• Rev. Caroline

How do we pray?

Just before I started my education for the ministry, I found a lovely flat to rent through mutual friends. The owners had gone off to Australia for a trial run and left everything I could possibly need in order to live comfortably. In the hall cupboard was their scuba diving equipment, including two dry suits.

With their agreement, I borrowed one of the dry suits for a children’s talk at the church where I did my first placement. With the help of an elder, I did a quick change in the vestry and came in, somewhat awkwardly it has to be said, wearing the entire outfit, from head to feet.

This certainly got people’s attention!

My point was this: we can pray at any time, anywhere, no matter what we are doing.

Being 20+ years older now, I probably wouldn’t feel like donning another dry suit during a service of worship, but I would give the same message about prayer.

During times of crisis, church goers and non church goers alike have been known to enter the house of God in order to enter into a closer relationship with him. It is ironic that the coronavirus has made this option unsafe, even prohibited.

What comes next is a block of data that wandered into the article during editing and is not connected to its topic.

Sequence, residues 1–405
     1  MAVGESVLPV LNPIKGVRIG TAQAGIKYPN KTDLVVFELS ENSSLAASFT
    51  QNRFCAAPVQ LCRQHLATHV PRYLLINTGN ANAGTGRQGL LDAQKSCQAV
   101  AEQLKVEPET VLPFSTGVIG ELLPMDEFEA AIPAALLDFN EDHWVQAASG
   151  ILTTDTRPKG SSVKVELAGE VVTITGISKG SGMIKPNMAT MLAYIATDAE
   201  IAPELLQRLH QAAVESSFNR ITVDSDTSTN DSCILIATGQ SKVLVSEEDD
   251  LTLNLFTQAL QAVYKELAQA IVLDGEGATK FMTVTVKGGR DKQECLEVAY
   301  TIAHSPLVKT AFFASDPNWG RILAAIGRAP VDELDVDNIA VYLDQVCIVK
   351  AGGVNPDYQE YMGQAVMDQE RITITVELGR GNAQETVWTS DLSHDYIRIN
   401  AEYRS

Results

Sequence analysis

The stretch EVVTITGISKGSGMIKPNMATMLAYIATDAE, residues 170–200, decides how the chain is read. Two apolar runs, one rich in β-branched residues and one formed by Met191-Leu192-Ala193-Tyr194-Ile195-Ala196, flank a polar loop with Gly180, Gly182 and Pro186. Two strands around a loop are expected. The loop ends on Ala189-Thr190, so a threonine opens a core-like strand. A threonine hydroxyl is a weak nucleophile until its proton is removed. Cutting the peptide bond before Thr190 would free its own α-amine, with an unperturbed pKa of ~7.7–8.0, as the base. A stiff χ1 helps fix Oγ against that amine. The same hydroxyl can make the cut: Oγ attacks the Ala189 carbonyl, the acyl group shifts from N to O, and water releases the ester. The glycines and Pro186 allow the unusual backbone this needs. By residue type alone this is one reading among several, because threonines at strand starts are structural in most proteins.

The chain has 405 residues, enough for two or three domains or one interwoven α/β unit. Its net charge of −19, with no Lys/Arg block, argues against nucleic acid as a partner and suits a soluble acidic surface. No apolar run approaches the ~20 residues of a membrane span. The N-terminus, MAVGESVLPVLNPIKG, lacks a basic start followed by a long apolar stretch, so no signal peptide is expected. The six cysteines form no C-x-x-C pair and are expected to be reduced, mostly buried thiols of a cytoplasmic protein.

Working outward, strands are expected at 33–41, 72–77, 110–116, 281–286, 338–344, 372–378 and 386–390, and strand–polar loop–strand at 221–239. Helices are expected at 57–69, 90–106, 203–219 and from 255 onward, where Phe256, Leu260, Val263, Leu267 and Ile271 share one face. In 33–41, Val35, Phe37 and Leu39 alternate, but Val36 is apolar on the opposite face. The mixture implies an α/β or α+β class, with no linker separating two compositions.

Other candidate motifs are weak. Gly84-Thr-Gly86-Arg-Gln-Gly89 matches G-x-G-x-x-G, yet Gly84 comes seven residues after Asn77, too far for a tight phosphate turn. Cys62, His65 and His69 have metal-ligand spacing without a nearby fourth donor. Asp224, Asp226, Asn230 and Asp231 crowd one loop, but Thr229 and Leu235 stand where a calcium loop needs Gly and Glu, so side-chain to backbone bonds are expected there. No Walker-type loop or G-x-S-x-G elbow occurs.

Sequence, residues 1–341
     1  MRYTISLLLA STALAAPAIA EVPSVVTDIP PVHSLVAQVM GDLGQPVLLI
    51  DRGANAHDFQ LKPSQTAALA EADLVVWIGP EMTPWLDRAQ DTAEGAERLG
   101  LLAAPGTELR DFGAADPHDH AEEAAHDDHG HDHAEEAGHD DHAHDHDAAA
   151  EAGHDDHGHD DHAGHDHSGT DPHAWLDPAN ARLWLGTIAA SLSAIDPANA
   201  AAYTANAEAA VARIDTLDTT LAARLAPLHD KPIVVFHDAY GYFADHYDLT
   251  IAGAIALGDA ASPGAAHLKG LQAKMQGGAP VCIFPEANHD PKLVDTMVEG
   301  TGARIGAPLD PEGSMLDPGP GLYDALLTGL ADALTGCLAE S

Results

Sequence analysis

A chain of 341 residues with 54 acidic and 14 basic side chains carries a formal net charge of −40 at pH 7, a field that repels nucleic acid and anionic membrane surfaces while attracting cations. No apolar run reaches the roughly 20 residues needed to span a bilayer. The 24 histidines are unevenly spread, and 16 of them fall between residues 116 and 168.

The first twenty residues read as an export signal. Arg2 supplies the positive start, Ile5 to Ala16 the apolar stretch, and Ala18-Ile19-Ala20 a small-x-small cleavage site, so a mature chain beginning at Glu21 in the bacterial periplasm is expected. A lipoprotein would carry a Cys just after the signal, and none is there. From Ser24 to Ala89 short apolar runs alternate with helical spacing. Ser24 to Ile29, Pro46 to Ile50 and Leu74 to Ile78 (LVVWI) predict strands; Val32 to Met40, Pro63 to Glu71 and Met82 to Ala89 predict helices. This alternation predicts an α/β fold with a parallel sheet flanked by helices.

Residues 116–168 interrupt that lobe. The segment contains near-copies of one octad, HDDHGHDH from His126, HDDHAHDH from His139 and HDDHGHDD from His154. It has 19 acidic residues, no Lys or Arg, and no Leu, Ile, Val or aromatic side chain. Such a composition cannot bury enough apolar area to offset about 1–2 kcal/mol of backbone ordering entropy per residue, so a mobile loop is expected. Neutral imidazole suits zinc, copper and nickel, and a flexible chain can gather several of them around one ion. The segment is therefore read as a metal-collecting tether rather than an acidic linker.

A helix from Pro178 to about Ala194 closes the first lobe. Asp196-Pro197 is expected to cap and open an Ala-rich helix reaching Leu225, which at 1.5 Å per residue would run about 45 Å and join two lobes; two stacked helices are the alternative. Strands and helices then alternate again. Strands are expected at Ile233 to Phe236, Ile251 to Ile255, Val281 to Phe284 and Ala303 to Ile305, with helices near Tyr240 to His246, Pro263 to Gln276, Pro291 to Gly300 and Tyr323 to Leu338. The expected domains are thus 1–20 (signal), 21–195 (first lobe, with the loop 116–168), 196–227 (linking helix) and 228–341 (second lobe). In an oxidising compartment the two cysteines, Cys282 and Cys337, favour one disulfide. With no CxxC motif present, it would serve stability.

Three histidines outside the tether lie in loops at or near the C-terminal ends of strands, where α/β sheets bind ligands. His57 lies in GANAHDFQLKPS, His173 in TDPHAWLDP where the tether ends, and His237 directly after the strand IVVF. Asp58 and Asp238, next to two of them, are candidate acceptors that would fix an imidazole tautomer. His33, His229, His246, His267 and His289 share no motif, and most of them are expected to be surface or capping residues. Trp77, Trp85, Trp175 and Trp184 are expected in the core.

But the message of the student in the dry suit still stands: we can pray at any time, anywhere, no matter what we are doing.

The February issue of Life and Work featured as its “Big Question”, HOW DO YOU PRAY? The answers from the five individuals pictured were many and various and arguably cover the range of answers which would be given by a wider trawl of people.

· I have a particular routine.

· I pray on the move.

· I pray spontaneously.

· First thing in the morning.

· Last thing at night.

· In the garden.

· With others before the service of worship.

What’s also worth saying is that we don’t have to put on our posh voice or hunt about for unfamiliar churchy words in order to talk to the Lord. After all, what would be the point of that, when he knows us through and through??

Here I am, Lord.

At home because it’s the safest place to be right now.

But thinking of others who are not with me:

family members I’m really missing

friends I usually see at least once a week

workmates, and neighbours

the people who work in my local shops, bank, library, park, post office . . .

May each of us feel you near us.

Please give each of us whatever we need right now.

We ask this in the name of Jesus

who loves us in spite of our faults


Sometimes lighting a candle helps.

Iona Abbey

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